Turkey's dismissal of central bank governor spurs foreign media fears
The decision to sack Central Bank of Turkey governor Murat Çetinkaya on Saturday sparked fears that Turkey’s Justice and Development Party (AKP) government was leading its economy toward a precipice. After the lira slid considerably on Monday, a host of foreign press reports agreed that those fears were well founded.
Çetinkaya was the first central bank governor to be dismissed since the post-coup regime in 1980. Turkish President Recep Tayyip Erdoğan confirmed speculation that he had been dismissed for failing to lower interest rates on Saturday, telling AKP lawmakers Çetinkaya “had not done what was necessary” when he was told repeatedly to cut interest rates.
Erdoğan has stated that interest rates are the cause of inflation – “a view roundly mocked by economists”, who tend to hold that the opposite is true, the Economist magazine said.
“Assailing economic orthodoxy, he has claimed that high interest rates actually cause inflation, which is like blaming obesity on cutting too much sugar from the diet”, Peter S. Goodman wrote for the New York Times.
The Economist was one of many foreign publications to raise concerns on the damage the governor’s dismissal would deal to the lira, quoting asset managing firm GAM’s investment director, Paul McNamara, as saying the best Turkey could hope for was a “lira sell-off that keeps rates higher than they otherwise would have been”.
“The worst case is that they set off a currency avalanche”, he said.
The lira fell 2.5 percent against the dollar on Monday morning after markets opened.
Goodman was one of many commentators to lament the damage the decision had done to the central bank’s credibility, which he said had been sacrificed in favour of further growth “at all costs” with a strategy based on “pumping credit to Turkish businesses and households”.
“The government is so wedded to this consumption model this will ultimately lead to an economic breakdown”, Goodman quoted Chatham House Turkey expert as saying.
“(Investors) are concerned that the sacking of Mr Cetinkaya means that Mr Erdogan will seek to ‘short circuit’ the sharp slowdown in growth that has allowed Turkey’s overheated economy to cool in the wake of the August currency crisis”, the Financial Times reported on Monday.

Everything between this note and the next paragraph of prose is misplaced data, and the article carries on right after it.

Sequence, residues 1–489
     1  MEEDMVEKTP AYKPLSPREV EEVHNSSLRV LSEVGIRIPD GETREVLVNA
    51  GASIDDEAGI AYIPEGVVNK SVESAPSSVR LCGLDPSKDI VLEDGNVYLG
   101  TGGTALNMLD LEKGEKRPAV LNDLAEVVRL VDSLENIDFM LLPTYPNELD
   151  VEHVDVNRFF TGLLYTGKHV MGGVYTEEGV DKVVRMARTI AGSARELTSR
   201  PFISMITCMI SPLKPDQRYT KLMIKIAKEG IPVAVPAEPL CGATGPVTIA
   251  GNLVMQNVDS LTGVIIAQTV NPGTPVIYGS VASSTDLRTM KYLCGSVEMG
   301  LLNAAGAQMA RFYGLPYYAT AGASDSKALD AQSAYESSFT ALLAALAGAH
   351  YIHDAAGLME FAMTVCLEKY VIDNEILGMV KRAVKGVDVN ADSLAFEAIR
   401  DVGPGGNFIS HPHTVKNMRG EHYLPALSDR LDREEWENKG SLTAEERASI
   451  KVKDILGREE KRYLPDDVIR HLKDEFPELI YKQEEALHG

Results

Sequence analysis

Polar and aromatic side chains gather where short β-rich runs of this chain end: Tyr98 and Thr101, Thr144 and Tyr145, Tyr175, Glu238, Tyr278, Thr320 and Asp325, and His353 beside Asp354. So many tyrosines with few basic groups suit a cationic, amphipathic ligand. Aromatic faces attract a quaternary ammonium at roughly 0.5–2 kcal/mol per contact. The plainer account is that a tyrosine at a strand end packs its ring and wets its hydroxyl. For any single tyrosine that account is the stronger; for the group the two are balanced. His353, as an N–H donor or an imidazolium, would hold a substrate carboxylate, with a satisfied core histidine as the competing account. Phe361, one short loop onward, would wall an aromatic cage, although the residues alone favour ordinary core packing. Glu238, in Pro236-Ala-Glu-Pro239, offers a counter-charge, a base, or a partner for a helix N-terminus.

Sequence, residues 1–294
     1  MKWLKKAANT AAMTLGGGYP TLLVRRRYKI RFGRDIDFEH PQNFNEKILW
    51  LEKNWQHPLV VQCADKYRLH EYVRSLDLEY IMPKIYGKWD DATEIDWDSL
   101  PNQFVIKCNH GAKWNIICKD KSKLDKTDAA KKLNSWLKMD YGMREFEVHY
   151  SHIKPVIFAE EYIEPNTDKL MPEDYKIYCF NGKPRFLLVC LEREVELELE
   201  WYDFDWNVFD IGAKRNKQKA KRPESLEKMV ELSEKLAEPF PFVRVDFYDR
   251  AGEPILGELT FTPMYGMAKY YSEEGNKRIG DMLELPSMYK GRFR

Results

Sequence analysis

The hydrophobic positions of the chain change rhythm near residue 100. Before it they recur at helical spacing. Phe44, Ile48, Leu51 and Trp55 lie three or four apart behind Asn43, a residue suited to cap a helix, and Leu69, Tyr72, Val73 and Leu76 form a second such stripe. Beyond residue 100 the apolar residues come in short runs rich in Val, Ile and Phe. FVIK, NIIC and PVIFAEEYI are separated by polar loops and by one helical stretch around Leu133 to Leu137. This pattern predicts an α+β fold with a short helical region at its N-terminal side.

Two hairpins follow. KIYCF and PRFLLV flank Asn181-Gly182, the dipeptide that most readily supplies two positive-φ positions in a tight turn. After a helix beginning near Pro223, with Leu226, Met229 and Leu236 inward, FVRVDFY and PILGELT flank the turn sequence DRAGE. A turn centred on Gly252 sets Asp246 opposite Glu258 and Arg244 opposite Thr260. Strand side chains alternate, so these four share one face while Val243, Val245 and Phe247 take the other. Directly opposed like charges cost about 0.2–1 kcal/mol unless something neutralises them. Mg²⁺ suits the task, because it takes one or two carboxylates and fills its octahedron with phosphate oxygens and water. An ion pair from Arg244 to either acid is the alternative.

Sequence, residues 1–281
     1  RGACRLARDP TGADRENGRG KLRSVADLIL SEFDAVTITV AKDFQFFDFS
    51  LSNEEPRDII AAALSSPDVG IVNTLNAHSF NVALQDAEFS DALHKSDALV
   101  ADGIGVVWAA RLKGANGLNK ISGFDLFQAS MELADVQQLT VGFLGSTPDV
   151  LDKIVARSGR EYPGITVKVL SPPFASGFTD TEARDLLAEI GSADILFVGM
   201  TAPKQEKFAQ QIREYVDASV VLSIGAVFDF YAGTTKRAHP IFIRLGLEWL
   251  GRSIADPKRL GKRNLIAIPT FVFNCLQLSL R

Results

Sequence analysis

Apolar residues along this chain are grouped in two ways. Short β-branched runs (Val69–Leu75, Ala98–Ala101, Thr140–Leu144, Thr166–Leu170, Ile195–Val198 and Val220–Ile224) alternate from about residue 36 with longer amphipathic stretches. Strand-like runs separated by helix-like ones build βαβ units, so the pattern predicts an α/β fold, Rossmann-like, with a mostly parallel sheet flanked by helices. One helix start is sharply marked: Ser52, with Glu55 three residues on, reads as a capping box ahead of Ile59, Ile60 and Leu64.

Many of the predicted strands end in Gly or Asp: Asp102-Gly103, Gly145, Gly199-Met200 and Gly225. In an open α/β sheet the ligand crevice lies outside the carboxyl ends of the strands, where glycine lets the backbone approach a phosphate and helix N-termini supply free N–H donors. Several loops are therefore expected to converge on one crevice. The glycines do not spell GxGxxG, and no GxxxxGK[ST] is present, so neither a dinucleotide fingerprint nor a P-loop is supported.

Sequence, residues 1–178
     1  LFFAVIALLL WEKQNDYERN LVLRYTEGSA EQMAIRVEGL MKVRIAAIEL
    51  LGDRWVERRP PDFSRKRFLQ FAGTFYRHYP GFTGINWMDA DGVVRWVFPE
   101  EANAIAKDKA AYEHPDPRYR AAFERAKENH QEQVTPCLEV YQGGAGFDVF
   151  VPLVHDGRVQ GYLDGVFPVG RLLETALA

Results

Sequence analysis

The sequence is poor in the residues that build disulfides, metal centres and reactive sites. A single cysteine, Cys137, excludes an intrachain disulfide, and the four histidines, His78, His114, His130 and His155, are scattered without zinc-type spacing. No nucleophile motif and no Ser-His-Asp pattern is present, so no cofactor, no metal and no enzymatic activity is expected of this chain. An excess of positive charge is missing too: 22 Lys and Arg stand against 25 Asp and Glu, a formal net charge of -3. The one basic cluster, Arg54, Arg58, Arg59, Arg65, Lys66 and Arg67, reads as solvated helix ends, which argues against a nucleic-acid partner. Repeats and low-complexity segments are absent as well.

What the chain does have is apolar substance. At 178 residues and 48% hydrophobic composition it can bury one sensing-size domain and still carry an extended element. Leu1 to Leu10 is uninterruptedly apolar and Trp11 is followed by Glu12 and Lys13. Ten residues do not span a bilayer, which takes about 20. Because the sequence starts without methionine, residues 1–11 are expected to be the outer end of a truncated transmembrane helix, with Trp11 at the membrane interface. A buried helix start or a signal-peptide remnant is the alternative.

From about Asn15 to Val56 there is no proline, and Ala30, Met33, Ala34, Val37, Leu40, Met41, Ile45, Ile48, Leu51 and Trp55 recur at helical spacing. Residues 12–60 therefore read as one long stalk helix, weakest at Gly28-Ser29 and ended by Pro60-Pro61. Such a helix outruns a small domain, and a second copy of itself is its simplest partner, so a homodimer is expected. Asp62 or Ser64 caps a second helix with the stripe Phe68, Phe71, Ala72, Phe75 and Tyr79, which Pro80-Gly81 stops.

The country has experienced a torrid time since last year, when the lira fell by 28 percent against the dollar, driven partly by a nosedive after Washington imposed sanctions in August for the jailing of an American pastor.
Turkey is at risk of another round of sanctions this month due to its purchase of Russian S-400 missile defence systems. There is bipartisan agreement in the U.S. Congress that the purchase warrants sanctions under the Countering America’s Adversaries Through Sanctions Act, and Washington has informed Ankara of its intention to level sanctions if the deal goes through.
With the delivery of the first S-400s due this week, Çetinkaya’s successor, Murat Uysal, faces a “baptism of fire”, the Economist said.
Emirati newspaper The National said the timing of the governor’s dismissal with the S-400s’ arrival imminent had left international investors “spooked”, and said by casting doubt on the central bank’s independence, Erdoğan may have laid the groundwork for a repeat of the recession experienced in the last quarter of 2018.
Concerns were raised about the new governor on Monday, when convincing evidence was unearthed showing that Uysal’s master’s thesis – on inflation – had been largely plagiarised.
But the governor’s qualifications will largely be a moot point if he performs as most commentators expect and follows Erdoğan’s orders to cut interest rates at a fiscal board meeting later this month.
The Turkish president’s hold over the central bank is a “worrying template for what could happen should Donald Trump gets his wish for similar power over the Federal Reserve”, Business Insider said on Monday.
The business news site referred to Trump’s attempts to “stack” the Federal Reserve with his own appointments, and said a precedent in the United States, when former president Richard Nixon had pressured the Fed to keep interest rates low, had led to a decade of high inflation and turbulence.
While the Business Insider said the possible economic problems in the footing for Turkey should be a “warning” for Trump, The National said Erdoğan may have planted the seeds of his own downfall if the country enters a recession and Turks show their anger at the ballot box.
With a maelstrom already in the making for Turkey’s economy, Erdoğan could face even stiffer political competition than usual with the hotly expected establishment of a new political party under Ali Babacan, who announced his resignation from the AKP on Monday.
Babacan, a former minister and deputy prime minister and one of the architects of the ruling party’s economic policies in previous governments, is highly regarded in international economic circles. His reported plans to launch a new economically liberal political party this autumn could pose a serious challenge to Erdoğan, especially if AKP deputies jump ship.
“It has become inevitable that we initiate a new project for Turkey’s present and future. Many of my friends and I feel a great and historic need for such a project,’’ Babacan said.